Saturday, March 27, 2010

How to Play Tea Party

Over the past year, the peculiar rise of the "tea party" "movement" has drawn a tremendous amount of attention from the nation's media. As a thousand or so tea partiers arrived here in DC to protest ObambimateurminationCare, or whatever it is they've attempted to rename health care reform, I've been again struck by some of the defining characteristics of the movement. Let me lay some of those out there:

1) Signs Made By Preschoolers. I can't not notice this. Whenever Tea Partiers get out there, they have signs made with magic marker. They are clumsy and roughly done, and stand in stark contrast to the well-printed and designed signs of those who often oppose them. It is a defining feature of the movement.

I think it's supposed to be a mark of authenticity. But honestly, it's just sloppy. If you look back to the populist movements of the early 20th century, you do see hand-made signs. But they used stencils. They looked neat. Organized. Focused. They commanded respect. Surely, surely, amongst all of the folks in that movement, someone must be an assistant manager of a Kinkos. Find that guy. Do a better job.

That may be a highly visible feature of the movement, but it's just surface level. Let's move on.

2) Race: Everyone sees this. In the multihued America in which we live, it is astoundingly obvious. The Tea Party makes the Republican National Convention look like Showtime at the Apollo. Yeah, some of the tea partiers will tell you they have lots of black friends, and their granddaughter is biracial. That's real nice, but honey, y'all are still one big Honkeypalooza.

That doesn't mean they're racists. Not at all. In fact, I think that only a fringe of that fringe harbor nasty ethic hatreds. But it does mean there's a rather impressive monoculture going on...and monocultures have a tendency to fall deep into uncritical groupthink.

3) Class: This is more important. Most tea party folks are working class. They're the folks who used to make things in factories and grow things on farms. They're people with rough hands, with oil and dirt under their fingernails. Though they'd blanch at the very thought, they are the proletariat. They were the flesh-and-blood engine of America's industrial and agricultural might. Now, of course, there's not a thing for them to do besides an eight hour shift at Dennys, followed by two nights a week behind the register at the Gas'N'Go. They are tired, overworked, and underpaid, and their backs hurt.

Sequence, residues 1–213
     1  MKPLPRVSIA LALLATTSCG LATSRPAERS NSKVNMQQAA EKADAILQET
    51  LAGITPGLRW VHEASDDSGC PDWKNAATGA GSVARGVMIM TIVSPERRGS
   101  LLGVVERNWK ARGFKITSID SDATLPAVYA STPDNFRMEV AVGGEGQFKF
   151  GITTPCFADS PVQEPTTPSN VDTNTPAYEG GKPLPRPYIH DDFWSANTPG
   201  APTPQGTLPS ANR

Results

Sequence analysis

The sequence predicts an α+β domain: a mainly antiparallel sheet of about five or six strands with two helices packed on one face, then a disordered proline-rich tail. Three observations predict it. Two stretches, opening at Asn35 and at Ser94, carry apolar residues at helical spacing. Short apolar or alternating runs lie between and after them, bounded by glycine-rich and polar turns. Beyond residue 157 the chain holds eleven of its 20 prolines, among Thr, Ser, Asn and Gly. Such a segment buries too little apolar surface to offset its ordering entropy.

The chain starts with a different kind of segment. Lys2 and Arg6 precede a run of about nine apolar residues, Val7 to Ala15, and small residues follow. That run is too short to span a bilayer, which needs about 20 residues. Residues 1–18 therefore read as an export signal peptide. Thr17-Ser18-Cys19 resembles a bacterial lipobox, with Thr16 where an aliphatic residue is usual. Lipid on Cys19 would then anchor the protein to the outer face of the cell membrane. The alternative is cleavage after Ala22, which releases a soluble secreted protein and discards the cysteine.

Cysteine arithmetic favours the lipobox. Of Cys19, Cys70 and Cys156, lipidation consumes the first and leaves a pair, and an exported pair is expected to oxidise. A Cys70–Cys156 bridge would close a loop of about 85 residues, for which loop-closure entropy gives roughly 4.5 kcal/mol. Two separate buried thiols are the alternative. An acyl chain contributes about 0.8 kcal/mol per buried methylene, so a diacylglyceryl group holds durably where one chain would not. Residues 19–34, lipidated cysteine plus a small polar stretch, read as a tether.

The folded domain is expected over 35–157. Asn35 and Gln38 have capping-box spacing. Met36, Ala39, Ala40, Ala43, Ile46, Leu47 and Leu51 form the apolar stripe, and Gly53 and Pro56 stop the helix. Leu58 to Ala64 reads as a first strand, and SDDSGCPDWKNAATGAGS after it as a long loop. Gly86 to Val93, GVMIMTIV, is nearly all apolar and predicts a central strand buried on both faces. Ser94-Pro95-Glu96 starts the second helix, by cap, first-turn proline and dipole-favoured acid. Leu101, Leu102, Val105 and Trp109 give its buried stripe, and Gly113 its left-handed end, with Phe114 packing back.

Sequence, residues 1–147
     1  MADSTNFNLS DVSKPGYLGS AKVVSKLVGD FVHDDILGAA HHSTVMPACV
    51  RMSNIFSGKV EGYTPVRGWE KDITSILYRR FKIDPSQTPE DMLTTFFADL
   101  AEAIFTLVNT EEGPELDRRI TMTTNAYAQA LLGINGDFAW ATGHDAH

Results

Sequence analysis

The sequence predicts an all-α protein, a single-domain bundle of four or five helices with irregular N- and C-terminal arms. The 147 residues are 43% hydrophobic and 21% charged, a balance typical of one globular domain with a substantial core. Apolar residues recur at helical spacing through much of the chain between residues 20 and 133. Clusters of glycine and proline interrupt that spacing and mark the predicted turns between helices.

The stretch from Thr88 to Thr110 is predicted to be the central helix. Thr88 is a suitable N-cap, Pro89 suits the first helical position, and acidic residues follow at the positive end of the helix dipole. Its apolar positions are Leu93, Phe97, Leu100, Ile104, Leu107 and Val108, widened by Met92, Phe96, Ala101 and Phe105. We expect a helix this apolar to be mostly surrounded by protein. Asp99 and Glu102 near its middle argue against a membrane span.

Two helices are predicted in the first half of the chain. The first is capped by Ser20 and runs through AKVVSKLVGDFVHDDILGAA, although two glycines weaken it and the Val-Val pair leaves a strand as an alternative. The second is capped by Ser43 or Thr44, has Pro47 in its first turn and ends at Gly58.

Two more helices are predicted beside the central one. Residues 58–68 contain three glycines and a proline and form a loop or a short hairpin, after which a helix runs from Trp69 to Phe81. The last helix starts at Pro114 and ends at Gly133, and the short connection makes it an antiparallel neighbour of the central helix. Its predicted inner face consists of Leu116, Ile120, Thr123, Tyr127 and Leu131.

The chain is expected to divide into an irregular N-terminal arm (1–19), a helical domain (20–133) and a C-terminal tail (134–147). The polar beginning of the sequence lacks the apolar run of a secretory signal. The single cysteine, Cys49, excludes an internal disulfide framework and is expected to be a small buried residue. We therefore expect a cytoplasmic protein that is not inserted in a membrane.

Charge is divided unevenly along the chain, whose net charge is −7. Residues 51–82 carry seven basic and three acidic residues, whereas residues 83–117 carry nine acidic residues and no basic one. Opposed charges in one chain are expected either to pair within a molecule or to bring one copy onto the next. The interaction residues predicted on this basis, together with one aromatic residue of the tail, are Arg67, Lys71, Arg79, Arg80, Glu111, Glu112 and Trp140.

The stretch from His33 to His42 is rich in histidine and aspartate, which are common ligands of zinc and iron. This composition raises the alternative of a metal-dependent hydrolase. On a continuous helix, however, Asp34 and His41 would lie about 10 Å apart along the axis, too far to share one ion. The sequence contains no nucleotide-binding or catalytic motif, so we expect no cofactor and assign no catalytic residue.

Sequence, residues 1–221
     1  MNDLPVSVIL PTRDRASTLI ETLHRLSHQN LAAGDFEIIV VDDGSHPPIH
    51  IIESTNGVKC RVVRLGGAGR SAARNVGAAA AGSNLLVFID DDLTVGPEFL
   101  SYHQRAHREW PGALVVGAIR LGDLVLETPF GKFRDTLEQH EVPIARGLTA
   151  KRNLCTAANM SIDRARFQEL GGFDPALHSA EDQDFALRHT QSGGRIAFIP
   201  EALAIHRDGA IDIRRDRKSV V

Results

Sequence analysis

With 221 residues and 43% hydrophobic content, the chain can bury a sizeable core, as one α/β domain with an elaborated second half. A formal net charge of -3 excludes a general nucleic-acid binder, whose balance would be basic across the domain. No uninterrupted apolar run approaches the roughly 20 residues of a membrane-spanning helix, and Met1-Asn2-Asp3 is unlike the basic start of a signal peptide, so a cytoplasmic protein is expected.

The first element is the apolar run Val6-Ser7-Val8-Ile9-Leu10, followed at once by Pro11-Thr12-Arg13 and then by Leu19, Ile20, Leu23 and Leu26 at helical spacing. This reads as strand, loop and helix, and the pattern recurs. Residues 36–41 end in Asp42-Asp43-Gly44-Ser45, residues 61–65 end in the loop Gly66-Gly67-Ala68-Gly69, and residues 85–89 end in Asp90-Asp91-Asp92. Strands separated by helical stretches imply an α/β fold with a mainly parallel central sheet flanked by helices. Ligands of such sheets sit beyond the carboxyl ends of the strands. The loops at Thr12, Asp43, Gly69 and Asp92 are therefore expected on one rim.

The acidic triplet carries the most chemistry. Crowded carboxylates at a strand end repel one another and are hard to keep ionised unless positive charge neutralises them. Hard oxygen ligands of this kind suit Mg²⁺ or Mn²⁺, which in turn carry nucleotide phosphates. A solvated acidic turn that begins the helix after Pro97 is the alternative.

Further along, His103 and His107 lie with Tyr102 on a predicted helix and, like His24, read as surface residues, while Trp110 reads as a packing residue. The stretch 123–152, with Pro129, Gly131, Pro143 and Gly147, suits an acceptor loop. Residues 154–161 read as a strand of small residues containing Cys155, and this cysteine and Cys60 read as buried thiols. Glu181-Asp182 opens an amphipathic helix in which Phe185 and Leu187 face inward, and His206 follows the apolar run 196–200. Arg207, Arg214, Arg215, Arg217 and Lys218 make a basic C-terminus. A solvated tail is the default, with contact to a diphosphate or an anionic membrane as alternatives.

4) Rage: These are angry, angry people. They are angry because the America they thought they knew is gone. The jobs are gone. The sense of America as a shining city on a hill? Gone. They're on the front line of the collapse of our industrial might.

Why? Well, there's the rub. The reason for that collapse is...well...them. Tea partier's aggressive independence and rugged individualism meant that for decades, they voted for the party of the unfettered and free market. Freedom! Business! America!

That brought about globalization, as capitalism did what capitalism does. The ethic of profit maximization heartily endorsed by American conservatism drove manufacturing to places where it was less expensive. So tea partiers lost their jobs. The ethic of unfettered markets meant that big corporations and agribusinesses flourished, crushing uncompetitive small businesses and small farms under their low, low prices. So more tea partiers lost their jobs. It's the nature of the market, folks. When you voted for Reagan, and then Bush, and then Dubya, that's what you voted for.

But when you exist in a monoculture, which lacks the capacity to critically consider it's own presumptions, you aren't going to be able to make that connection. You just know that EVERYTHING IS GETTING WORSE. Your anger is inchoate, formless, and can't seem to find it's mark...because you can't see that you are responsible for your own downfall. Aimlessly angry people are easily manipulated, and so deeper they go, lost in a trap of their own making. It's hubris in it's most classical form, writ across the broken lives of the common people of our republic.

7 comments:

  1. I'm an independent. Never registered for a party. Your post is thoughtful but I am so fed up with the Republicans I can't even give them the benefit of the doubt anymore.